Photo: Ashton Songer

In the morning, women work to prepare breakfast and the men set out to tend the livestock. Fresh milk is poured through a cloth filter into a bucket. Six-year-old Marwane Bouchikhi brings her mother a tiny black-and-white lamb. The lamb, whose mother has died, is well aware of the routine and drops to its knees while Marwane’s mother feeds it using a soda bottle topped with a nipple.  The lamb suckles furiously at the warm milk.  Soon the milkman arrives to pick up three large containers of milk to sell in Fez.    Ashton Songer

Photo: Vemo Hang

The village of Sbaa Roudi consists of twenty-three different douars, each like its own small village and comprising a collection of farmhouses. Ain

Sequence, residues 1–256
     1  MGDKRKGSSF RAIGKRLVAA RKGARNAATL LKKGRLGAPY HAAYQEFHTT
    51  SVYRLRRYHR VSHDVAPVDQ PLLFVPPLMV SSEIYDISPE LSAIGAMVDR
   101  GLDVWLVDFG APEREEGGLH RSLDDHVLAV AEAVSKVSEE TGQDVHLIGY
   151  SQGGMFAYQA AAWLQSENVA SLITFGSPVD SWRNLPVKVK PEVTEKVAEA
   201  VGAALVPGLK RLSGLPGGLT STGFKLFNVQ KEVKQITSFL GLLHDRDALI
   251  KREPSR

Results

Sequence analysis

Allah, where villagers go to buy or sell land and to retrieve birth certificates, is the administrative center. Hot springs were discovered here in 1979 and attract tourists to what are said to be healing mineral-laden waters. Despite the abundance of hydraulic resources, many houses in the village still do not have potable water, including the house of the head of the “Potable Water Association,” a local NGO. Farmers grow a variety of crops from wheat, lentils, and chickpeas to tomatoes, onions, and fruit. Sbaa Rouadi claims to have the best milk and yogurt in Morocco. The royal family owns an almost eight mile square farm in the area. But for the 20 thousand common people living in Sbaa Rouadi, life isn’t easy. Villagers, especially the women, are angry and want to see change. Veronica Jean Seltzer MORE

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